"If people aren't going to respect Remembrance Day," Ferris notes, "it's really a tragedy."

THE WORLD REMEMBERS:
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  • Ottawa

    Prime Minister Stephen Harper speaks with veterans following Remembrance Day ceremonies at the National War Memorial in Ottawa Friday November 11, 2011. (THE CANADIAN PRESS/Adrian Wyld)

  • Ottawa

    Chief of Defence Staff Walt Natynczyk salutes after laying a wreath on the Tomb of the Unknown Soldier during Remembrance Day ceremonies at the National War Memorial in Ottawa Friday November 11, 2011. (THE CANADIAN PRESS/Adrian Wyld)

  • Quebec City

    Soldiers parade in front of the cenotaph during a Remembrance Day ceremony Friday, November 11, 2011 in Quebec City. (THE CANADIAN PRESS/Jacques Boissinot)

  • Toronto

    A man wraps a thermal blanket around a veteran to fight off the cold as they take part in a Remembrance Day ceremony at the war memorial at Queen's Park in Toronto on Friday, November 11, 2011. (THE CANADIAN PRESS/Nathan Denette)

  • Kandahar

    Two Canadian soldiers comfort each other as they pay their respects to a fallen comrade at the war memorial after the last Remembrance Day ceremony at Kandahar Air Field.

  • Kandahar

    Canadian Defence Minister Peter MacKay lays a touches one of the plaques at the war memorial during the last Remembrance Day ceremony at Kandahar Air Field Friday, November 11, 2011 in Kandahar, Afghanistan.

  • Kandahar

    A soldier pays his respects to fallen comrades at the war memorial after the last Remembrance Day ceremony at Kandahar Air Field Friday.

  • Kandahar

    Sgt, Renay Groves, from St. John's Nfld, 21 Elecrtonic Warfare Regiment, sheds a tear during the last Remembrance Day ceremony at Kandahar Air Field Friday.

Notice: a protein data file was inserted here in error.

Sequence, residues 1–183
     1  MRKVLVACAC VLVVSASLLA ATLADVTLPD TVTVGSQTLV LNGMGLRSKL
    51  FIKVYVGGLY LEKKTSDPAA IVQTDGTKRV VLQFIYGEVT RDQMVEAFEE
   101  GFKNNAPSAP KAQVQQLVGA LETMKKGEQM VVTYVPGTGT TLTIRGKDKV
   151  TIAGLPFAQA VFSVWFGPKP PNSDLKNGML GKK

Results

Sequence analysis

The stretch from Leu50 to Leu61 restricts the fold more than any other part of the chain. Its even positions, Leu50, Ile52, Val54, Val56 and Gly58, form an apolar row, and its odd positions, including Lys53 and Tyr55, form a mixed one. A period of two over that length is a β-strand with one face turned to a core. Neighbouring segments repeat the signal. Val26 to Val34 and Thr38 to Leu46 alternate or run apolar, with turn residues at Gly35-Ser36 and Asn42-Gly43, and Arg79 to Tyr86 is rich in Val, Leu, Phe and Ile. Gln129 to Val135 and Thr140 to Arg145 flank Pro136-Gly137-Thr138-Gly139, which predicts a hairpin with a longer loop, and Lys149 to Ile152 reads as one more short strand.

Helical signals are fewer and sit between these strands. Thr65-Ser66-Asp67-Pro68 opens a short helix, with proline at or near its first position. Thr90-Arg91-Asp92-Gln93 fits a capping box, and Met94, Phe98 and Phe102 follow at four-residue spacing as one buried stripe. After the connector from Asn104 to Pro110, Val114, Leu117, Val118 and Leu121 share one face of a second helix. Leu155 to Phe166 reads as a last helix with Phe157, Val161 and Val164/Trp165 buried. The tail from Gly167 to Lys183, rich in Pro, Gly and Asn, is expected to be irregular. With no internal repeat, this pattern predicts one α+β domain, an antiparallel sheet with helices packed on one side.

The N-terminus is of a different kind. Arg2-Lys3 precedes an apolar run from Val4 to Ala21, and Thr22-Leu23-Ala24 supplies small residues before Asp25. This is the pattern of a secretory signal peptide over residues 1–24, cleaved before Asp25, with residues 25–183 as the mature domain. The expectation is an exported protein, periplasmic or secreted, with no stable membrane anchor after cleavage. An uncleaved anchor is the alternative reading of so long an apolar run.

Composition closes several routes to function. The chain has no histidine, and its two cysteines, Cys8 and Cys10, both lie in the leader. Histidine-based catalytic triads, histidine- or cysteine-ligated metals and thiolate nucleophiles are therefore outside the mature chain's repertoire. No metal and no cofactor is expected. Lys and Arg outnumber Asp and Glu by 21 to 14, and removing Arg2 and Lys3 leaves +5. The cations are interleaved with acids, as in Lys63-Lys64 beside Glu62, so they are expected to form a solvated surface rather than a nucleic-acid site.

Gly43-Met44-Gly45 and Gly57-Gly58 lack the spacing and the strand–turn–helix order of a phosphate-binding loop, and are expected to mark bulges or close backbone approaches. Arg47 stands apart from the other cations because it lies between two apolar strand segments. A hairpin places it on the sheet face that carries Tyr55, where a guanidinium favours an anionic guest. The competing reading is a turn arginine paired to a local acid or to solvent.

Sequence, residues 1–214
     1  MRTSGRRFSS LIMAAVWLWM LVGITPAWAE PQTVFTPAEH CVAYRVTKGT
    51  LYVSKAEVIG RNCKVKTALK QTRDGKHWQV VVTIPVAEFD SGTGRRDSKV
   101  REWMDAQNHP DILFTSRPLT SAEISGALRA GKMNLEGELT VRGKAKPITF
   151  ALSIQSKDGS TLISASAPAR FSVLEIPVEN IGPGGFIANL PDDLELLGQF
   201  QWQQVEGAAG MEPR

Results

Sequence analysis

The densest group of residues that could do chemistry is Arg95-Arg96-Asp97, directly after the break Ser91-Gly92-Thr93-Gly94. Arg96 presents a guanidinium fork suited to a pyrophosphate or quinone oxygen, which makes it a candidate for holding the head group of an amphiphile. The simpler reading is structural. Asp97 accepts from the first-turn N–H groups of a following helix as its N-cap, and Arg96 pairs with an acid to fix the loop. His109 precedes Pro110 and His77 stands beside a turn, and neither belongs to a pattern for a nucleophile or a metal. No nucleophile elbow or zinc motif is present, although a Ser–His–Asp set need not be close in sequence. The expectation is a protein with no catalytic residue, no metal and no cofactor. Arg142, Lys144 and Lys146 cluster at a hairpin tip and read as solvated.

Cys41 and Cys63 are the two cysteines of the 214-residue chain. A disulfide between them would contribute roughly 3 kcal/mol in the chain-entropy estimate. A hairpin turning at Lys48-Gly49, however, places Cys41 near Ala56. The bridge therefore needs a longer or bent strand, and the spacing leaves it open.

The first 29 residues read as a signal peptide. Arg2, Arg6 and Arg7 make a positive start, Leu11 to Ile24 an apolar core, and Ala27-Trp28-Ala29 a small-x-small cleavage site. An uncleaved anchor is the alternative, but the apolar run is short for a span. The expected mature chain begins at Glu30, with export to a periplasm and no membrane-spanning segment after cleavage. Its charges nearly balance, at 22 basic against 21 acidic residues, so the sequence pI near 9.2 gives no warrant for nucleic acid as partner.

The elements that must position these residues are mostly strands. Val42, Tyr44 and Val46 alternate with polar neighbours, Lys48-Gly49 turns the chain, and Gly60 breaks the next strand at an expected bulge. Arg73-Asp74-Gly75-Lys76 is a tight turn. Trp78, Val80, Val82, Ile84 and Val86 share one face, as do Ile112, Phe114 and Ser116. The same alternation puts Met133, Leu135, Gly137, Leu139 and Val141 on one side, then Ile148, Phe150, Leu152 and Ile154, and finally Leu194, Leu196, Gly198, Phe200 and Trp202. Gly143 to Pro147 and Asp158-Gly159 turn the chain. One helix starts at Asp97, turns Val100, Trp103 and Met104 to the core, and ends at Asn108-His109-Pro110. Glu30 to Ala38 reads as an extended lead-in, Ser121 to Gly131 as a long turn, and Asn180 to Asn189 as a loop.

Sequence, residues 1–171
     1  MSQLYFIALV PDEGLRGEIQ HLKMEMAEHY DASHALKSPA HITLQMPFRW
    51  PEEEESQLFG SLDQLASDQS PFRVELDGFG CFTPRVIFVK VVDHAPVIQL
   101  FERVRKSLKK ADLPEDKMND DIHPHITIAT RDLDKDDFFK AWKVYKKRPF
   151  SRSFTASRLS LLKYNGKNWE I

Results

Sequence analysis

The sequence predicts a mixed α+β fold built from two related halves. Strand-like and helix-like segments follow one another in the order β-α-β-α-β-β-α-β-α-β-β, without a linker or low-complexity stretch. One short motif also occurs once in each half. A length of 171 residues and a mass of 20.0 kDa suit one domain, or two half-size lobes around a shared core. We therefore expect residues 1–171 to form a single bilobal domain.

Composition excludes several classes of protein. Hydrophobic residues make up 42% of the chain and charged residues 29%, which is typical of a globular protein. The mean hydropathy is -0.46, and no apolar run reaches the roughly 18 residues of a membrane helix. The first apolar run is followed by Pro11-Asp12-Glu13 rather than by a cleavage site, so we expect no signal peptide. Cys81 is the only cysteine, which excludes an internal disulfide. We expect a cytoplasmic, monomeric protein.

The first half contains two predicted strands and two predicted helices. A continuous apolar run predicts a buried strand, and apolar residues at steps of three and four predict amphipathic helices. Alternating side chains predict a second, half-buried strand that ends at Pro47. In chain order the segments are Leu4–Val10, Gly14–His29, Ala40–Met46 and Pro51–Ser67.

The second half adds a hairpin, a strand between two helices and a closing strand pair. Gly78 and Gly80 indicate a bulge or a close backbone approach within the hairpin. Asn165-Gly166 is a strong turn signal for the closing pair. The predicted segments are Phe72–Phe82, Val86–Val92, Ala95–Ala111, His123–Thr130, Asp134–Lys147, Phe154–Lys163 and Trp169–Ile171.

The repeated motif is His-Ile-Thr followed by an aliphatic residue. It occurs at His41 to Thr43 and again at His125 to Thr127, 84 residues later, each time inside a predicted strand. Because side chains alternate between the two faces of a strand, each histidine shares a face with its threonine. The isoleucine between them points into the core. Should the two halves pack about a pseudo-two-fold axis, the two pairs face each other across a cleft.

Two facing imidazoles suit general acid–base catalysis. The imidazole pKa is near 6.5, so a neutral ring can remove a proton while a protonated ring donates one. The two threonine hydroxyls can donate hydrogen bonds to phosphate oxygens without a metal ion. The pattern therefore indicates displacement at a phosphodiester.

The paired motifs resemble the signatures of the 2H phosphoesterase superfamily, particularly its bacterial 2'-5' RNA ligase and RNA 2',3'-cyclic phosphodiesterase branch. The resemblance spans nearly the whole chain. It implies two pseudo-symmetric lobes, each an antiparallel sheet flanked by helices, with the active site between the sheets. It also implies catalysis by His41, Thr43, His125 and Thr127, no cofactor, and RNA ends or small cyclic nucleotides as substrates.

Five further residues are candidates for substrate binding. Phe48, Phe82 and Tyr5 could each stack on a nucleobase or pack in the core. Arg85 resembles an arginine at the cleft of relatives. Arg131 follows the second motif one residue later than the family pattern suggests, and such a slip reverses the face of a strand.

• Melbourne, Australia

    People come to a halt to observe a minute's silence as a lone bugler plays the Last Post at an inner-city intersection on Remembrance Day, in Melbourne on Nov. 11, 2011.

  • Melbourne, Australia

    A lone bugler plays the Last Post at an inner-city intersection as cars and people come to a halt to observe a minute's silence on Remembrance Day, in Melbourne on November 11, 2011.

  • London

    Prince Philip, Duke of Edinburgh greets veterans during a service to mark Remembrance Day in the memorial garden at Westminster Abbey in London.

  • London

    Prince Philip, Duke of Edinburgh, salutes during a service to mark Remembrance Day in the Field of Remembrance at Westminster Abbey in London.

  • London

    Britain's Prince Philip, Duke of Edinburgh, notices the mascot of the 3rd and 4th battalions of The Mercian Regiment 'L/Col Watchman V', a staffordshire bull terrier, as he meets veterans during a service to mark Remembrance Day in the memorial garden at Westminster Abbey in London.

  • Alrewas, United Kingdom

    A veteran pays his respects as he takes part in the two minute silence at the National Memorial Arboretum on Armstice day on November 11, 2011 in Alrewas, United Kingdom. Sir James Hawley KCVO, Lord Lieutenant of Staffordshire, led the list of dignitaries at the Armed Forces Memorial during Armistice Day commemorations at the National Memorial Arboretum in Alrewas.

  • Ottawa